Everyone can be “pro-fixing-houses”, but you still need plumbers to fix pipes, electricians to fix the electrical wiring, and roofers to fix the roof. And we need feminists to focus on issues that specifically impact on women. We need an LGBT movement to concentrate on the issues surrounding sexual orientation and gender. We need anti-racists to tackle racism.
Sexism, homophobia, transphobia, racism, classism, ableism, xenophobia, and many more forms of bigotry and passively allowed inequalities and disempowerments simply exist. They don’t go away by not paying any specific attention to them but instead declaring oneself vaguely “humanist” and “egalitarian”.
I think all of us need to care about these issues. We’re all responsible to treat our fellow humans equally and in the way that is most overall empowering for all of us. That means we each need to spend some time learning about the unique ways that each particular group we can affect (directly or indirectly, intentionally or unintentionally) either suffers explicit discrimination or is implicitly treated unequally and disempowered while few realize what’s going on.
Remember: our habits, our social institutions, our languages, our religions, our entire cultures were significantly formed in a past where sexism and racism and homophobia and classism and every other way to unfairly hold people down were just the norm. That means that a lot of what we think of as common sense and a lot of our received social practices is all biased in favor of the needs and interests of traditionally dominant groups and has a tendency to continue to marginalize those who have historically been pushed to the margins. Old habits die slowly, even where our explicit ideology may have changed. We have to overcome many old habits we’ve received from our ancestors if we’re to behave in a way that catches up to our fully inclusive humanist and egalitarian ideals.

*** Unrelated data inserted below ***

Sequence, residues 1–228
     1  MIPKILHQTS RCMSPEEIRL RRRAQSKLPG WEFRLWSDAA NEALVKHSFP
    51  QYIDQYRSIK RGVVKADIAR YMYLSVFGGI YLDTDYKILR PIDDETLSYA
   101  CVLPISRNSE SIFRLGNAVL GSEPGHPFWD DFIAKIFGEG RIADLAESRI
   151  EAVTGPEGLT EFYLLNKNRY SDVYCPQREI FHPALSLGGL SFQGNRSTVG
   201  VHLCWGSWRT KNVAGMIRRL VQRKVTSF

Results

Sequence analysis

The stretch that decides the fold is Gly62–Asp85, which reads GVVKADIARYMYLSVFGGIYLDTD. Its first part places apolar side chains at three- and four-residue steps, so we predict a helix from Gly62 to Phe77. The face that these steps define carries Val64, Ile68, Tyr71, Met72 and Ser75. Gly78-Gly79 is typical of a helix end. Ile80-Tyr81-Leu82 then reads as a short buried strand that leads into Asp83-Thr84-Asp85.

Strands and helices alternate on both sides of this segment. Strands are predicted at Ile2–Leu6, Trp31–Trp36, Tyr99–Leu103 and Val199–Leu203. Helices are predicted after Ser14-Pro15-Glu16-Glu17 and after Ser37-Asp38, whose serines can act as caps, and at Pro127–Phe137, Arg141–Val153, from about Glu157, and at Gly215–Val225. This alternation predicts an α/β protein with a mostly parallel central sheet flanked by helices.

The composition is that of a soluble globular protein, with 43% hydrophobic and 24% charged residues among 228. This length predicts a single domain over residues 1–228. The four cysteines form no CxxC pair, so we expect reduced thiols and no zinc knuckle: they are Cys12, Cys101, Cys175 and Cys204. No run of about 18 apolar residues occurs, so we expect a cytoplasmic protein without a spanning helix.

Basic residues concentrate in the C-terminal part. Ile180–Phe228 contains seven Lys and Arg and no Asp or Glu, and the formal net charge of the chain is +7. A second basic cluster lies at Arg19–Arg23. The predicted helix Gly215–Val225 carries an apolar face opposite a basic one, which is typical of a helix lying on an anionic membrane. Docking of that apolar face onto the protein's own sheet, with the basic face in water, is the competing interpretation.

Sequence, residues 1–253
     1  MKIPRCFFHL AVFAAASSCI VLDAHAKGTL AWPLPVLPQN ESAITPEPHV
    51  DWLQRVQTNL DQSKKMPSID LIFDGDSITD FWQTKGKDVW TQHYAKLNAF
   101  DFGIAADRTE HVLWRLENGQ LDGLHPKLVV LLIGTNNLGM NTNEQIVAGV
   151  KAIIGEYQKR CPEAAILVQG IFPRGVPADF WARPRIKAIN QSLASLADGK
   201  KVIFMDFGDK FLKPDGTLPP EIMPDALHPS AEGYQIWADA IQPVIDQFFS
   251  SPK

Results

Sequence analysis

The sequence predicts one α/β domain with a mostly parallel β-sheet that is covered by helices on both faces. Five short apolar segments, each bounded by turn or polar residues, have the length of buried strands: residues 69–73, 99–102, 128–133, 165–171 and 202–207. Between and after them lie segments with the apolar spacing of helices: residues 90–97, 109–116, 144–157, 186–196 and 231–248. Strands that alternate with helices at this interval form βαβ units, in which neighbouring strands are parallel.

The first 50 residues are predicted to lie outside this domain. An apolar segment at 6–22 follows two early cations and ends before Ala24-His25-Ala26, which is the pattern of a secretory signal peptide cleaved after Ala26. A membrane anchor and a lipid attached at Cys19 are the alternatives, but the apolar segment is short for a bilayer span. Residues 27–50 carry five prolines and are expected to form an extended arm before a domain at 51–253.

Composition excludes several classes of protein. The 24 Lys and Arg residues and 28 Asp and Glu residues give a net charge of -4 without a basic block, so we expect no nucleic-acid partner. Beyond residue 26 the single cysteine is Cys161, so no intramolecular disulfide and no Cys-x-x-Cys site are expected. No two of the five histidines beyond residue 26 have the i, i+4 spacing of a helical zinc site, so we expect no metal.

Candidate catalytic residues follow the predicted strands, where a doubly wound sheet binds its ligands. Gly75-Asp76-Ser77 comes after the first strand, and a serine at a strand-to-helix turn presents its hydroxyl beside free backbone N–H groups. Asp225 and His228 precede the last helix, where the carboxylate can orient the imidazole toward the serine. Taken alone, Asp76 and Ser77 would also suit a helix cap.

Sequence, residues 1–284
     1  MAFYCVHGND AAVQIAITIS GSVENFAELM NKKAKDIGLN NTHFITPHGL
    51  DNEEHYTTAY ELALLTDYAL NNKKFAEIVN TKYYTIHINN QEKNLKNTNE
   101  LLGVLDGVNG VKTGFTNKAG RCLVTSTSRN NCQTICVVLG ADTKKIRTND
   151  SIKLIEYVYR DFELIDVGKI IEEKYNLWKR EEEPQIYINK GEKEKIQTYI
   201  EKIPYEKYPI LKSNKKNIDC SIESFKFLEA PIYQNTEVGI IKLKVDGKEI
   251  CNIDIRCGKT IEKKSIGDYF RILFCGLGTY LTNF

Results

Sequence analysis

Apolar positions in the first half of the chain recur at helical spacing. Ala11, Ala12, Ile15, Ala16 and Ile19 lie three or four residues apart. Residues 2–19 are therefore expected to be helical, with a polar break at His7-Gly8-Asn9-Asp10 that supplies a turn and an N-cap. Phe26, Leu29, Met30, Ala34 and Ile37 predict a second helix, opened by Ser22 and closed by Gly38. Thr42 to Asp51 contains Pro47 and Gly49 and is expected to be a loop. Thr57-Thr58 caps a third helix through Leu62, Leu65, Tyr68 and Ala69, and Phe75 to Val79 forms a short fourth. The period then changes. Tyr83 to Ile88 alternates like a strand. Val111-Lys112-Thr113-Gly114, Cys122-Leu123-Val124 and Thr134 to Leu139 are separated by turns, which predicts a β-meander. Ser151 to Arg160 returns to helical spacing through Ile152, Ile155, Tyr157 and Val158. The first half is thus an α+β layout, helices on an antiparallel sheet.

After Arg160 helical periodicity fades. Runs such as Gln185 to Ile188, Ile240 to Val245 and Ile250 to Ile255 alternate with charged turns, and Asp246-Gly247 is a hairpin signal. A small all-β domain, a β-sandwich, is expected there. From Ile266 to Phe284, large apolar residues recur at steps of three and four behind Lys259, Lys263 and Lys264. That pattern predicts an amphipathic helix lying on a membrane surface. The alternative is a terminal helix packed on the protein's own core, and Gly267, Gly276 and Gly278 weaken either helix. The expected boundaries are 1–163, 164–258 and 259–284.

To do that we need to be vigilantly looking for ways that people are unjustly discriminated against. We need to be conscientious, rather than passive, if we’re going to root out the injustices seeded into our culture ages ago that we are prone towards reproducing without thinking.
If we want full equality and empowerment of all people equally, we need to pay attention to all people equally. Since so far we’ve paid more attention to dominant groups than marginalized ones, social justice activists pay special attention to those marginalized groups. “Feminism” should just be part of that. Of course if specific feminists act like female supremacists or engage in excessively anti-male rhetoric or ideas then, by all means, you should denounce that. But that’s not worth holding against “feminism” itself as though feminism historically was a female supremacist movement. Historically it’s been a movement about highlighting the specific needs of women and making humanism more humanistic and egalitarianism more egalitarian.
And that’s why humanism and egalitarianism need feminism.
For more read my post In Defense of the Moral Cause of Feminism.